“Lott No. 34—beginning on the north side of State Street, running north 87° west to Second Street thence running south 3° west to Market Street.” The project, however, was doomed to failure. The shipwrights were continually building vessels of heavier tonnage so that a greater depth of water was increasingly necessary. The Town of Redding, which was to be renamed Elizabeth City, had already been laid out at a site below on the river where deeper water could accommodate the larger craft, and to this location commercial craft were gradually but inevitably attracted. Today not a vestige of the Town of Jonesborough remains, and of the numerous warehouses and wharfs once standing there is visible only an occasional rotting pier in the waters, which have resumed their immemorial dark stillness.

Upon the formation of Camden County in 1777 Jones was naturally one of the five commissioners named by the legislature to set up the details of county government, select a site for the courthouse and attend to other initial requirements. His residence was used as a meeting place for the commissioners. It so happened that his dwelling was located almost in the geographical center of the county, and the site selected for the courthouse was directly oppoiste his manor plantation. No attempt was made to erect a building, however, until 1782, very probably because the energies of this highly patriotic county were entirely devoted to participation in the struggle for independence. In that year an acre and one quarter, the site previously selected, was purchased from Thomas Sawyer and his mother Margaret, and construction of a courthouse, jail, and stocks was authorized. According to tradition, Jones’ residence also served for the sessions of the county courts, he being one of the county justices as he had been also in the county of Pasquotank. Thus he was closely associated with the beginnings of Camden County in various capacities.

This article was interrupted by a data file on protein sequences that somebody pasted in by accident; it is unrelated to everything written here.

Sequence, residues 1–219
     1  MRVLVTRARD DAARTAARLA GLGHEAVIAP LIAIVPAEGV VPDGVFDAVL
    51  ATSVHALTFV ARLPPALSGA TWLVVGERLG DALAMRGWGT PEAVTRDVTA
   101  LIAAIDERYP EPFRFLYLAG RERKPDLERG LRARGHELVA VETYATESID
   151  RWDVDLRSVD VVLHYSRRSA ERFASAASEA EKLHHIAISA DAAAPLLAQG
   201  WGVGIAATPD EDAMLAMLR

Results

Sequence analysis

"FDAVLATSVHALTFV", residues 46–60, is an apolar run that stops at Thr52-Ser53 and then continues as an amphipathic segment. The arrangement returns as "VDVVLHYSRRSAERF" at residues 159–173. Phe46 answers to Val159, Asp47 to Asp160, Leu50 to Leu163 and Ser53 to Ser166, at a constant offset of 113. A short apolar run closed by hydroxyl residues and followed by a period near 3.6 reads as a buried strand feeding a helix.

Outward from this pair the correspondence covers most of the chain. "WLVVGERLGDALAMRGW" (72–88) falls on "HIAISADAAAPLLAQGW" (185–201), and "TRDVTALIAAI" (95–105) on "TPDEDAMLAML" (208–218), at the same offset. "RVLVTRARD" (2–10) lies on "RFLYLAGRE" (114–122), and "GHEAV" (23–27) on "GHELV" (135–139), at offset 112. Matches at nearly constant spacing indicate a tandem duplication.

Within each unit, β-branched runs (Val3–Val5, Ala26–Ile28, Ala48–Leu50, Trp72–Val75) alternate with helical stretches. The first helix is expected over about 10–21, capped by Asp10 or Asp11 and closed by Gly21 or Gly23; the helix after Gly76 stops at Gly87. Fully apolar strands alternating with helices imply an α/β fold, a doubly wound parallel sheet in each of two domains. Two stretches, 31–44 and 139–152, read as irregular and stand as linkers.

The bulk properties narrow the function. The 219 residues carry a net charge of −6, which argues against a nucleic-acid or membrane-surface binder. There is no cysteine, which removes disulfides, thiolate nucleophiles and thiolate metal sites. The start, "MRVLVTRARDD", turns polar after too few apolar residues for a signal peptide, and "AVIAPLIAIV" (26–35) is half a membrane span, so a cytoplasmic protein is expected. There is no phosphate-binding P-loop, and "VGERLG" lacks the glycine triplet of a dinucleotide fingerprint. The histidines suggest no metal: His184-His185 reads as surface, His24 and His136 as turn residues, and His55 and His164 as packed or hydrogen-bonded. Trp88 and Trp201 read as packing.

He was a member of a family which had long been active in the life of the northeast side. His father Isaac was a substantial planter; his uncle Nehemiah had been a captain in the Pasquotank militia during the French and Indian War period; his great-uncle Jarvis Jones had held the rank of major in earlier colonial wars. The military tradition was continued by his youngest brother, Timothy Jones, who was a lieutenant in the Continental Line.


Source: Three Hundred Years Along the Pasquotank, pages 101-105 by Jessie F. Pugh (1957).